You know the scenario… IF ONLY right camera! right light! right lens! right location! not feeling right! etc. etc. All just excuses for me to feel the warm embrace of fear, and not do anything that challenges me!

    Oh yes, a point 😉
    Leaving social media has shaken me into action to try and produce what I feel is inside me. I have one less excuse/reason not to tackle the mountain.

    Onward and upward good sir!

    1. I used to be a rather verbose poet maybe 20 years ago, then after embracing haiku and 50 word stories managed to rewire myself to write more concisely.

      Then I sort of evolved into a photographer, as I see a single photograph and a haiku as essentially the same thing – capturing a moment and the emotion(s) of that moment.

      It seems that haiku and flash fiction training has since abandoned me somewhat with writing here on 35hunter! I struggle to write less than 1000 words on most “juicy” topics.

      Yes I’ve read Art and Fear, very interesting, and I’m sure it’s worth revisiting as it was a few years back.

      Funny you should mention this – I actually have a post in draft nearly finished about this, essentially how I was hiding behind a wall of cameras and constantly buying and testing new ones as an excuse to not face my limitations as a photographer. I’m trying to tackle the mountain too! I need to get that post finished and out soon.

      With Walker Evans, I think the FSA funding was great for him, how many otherwise talented photographers (indeed any artists) remain unknown because they never had enough funding or sponsorship to pursue their craft to their full potential?

  7. Oh, and you can’t go wrong with Walker Evans
    some say all he did was for the FSA – so what?
    He documented a period that was needed to be remembered
    all those FSA photographers need more credit

  8. I’ve now disabled Facebook and no longer use Instagram either. The only social media channel I use regularly is Twitter. I try to keep only positive or useful things in my feed – it’s like my news channel – a window on the world. But honestly, a lot of the time it is just lots of people shouting into a vacuum!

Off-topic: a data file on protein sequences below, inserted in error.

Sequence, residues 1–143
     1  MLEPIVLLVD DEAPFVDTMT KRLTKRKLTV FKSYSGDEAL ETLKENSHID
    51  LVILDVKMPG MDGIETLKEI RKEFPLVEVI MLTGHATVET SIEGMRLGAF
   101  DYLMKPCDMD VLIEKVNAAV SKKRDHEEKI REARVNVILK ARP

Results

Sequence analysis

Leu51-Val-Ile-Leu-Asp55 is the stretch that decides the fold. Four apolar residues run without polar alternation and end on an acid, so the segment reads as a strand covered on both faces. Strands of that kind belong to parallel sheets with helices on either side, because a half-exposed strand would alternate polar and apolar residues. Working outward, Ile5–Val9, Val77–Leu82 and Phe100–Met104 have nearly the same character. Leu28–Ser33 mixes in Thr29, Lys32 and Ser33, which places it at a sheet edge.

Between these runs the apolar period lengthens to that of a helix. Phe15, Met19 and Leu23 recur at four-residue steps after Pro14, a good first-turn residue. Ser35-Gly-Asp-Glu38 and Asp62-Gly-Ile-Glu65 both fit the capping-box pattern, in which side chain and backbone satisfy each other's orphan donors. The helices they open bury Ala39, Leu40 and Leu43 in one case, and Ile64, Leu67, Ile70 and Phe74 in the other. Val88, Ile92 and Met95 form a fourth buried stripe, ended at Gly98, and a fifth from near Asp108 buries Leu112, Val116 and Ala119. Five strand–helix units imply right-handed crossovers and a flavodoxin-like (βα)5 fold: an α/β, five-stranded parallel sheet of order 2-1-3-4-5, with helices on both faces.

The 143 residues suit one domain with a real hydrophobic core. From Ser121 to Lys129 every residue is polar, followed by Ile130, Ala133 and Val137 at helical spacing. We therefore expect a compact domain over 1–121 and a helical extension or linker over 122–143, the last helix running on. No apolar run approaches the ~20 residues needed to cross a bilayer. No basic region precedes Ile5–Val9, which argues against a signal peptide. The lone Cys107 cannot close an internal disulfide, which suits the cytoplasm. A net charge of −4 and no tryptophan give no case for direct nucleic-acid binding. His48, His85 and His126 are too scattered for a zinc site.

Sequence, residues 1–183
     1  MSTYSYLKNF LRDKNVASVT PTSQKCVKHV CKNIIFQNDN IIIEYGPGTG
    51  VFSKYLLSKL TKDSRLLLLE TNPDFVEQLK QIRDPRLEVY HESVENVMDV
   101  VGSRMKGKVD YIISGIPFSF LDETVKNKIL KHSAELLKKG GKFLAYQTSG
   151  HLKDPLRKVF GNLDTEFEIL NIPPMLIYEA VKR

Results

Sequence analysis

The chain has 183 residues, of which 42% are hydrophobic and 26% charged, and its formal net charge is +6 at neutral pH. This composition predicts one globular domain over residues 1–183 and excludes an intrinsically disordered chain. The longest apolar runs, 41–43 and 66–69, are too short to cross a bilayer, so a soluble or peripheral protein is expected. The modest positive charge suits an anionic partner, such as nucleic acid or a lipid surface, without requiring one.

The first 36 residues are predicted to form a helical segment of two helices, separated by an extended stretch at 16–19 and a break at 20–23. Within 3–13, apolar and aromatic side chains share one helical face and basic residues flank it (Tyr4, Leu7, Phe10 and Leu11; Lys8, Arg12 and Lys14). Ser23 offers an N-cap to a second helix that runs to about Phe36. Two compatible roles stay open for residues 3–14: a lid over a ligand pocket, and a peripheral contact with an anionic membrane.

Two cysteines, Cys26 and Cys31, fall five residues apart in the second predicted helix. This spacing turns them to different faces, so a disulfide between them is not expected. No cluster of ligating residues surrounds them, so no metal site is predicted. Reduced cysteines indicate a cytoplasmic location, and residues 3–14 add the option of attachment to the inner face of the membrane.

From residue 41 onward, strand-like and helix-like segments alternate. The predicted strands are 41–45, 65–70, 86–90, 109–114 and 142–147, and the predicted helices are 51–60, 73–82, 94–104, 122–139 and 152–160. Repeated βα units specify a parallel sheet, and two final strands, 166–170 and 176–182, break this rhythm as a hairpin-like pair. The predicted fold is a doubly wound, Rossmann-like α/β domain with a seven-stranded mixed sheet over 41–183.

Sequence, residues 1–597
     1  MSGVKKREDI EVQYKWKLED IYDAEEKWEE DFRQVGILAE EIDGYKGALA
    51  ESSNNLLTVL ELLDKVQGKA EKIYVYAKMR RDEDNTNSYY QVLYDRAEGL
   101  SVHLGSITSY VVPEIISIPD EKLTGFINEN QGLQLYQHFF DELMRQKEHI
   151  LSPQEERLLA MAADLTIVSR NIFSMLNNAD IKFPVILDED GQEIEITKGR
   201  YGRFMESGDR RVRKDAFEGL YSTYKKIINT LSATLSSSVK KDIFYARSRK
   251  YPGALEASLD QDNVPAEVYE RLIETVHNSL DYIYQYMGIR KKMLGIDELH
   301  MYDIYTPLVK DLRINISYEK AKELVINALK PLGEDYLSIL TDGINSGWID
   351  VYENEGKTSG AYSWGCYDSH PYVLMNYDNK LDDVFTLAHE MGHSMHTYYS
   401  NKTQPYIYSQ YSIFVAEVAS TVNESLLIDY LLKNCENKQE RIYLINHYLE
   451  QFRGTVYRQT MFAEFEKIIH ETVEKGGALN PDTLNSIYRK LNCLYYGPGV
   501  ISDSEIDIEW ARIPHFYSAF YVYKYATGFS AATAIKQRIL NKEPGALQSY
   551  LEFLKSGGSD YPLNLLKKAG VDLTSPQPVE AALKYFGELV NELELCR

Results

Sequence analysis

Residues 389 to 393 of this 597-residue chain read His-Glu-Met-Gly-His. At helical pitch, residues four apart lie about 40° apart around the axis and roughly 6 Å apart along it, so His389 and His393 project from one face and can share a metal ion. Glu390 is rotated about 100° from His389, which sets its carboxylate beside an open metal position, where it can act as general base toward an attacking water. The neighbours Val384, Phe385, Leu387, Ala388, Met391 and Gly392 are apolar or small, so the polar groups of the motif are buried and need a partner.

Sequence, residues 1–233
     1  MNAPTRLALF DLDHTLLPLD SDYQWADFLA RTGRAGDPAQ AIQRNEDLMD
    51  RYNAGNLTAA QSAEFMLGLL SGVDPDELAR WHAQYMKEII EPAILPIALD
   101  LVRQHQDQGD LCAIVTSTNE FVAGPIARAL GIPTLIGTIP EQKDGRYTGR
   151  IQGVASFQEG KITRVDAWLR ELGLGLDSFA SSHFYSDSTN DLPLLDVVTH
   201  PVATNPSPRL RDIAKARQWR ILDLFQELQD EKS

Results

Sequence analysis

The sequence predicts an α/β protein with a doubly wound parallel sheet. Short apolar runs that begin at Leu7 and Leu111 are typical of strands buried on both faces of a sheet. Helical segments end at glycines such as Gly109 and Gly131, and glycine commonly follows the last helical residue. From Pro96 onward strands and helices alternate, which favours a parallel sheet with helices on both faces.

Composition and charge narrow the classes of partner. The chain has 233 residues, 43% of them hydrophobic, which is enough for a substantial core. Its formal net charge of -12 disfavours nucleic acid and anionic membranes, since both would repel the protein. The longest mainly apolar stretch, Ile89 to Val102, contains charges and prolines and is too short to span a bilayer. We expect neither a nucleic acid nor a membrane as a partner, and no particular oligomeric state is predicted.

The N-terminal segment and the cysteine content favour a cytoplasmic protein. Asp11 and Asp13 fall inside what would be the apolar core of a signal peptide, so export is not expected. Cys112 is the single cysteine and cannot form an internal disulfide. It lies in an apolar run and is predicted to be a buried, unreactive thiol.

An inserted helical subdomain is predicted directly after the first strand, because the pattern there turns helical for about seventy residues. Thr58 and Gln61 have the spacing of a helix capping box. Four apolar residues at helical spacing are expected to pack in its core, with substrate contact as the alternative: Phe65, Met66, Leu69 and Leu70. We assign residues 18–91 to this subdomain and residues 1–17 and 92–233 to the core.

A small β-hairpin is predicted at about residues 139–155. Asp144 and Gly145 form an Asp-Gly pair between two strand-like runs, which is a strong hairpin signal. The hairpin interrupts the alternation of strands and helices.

1. Richard, thanks for your perspective. Amazing how many people are disillusioned with the big social media sites.

      I used to love Twitter, and for a while it was the only one I used – for poetry and links. But as I mentioned in a reply above, these days the ads (about 1 in 5 tweets in my stream it seems), the pictures and videos and the yes that general feeling of “everybody’s talking but nobody’s listening” have turned me right off it.

      1. Hi Dan. Well, I’ve ditched my last social media channel (Twitter). This article began a process of thought which culminated this week with my listening to Deep Work by Cal Newport on Audible. It’s an excellent book which makes the case that to do our best work, we need long periods of deeply focused time. The modern obsession with always being online and posting to social media is having a huge, negative impact on this. So I’m ditching Twitter for at least the next month and if I don’t miss it much, then I’ll be leaving for good. I have too much good work to do, especially the creative stuff like writing and making photographs so I’ll be focusing on them instead. There’s tendency to think that if we’re not active on social media that no one will know we’re here and our work will go unnoticed. Bizarrely, the day I quit, I got one new follower for my own blog. I’ve not posted to Twitter from the blog for short while so that would seem to dispel the “must be online” myth. Thanks for the inspiration – I’ll be posting more about how I get on.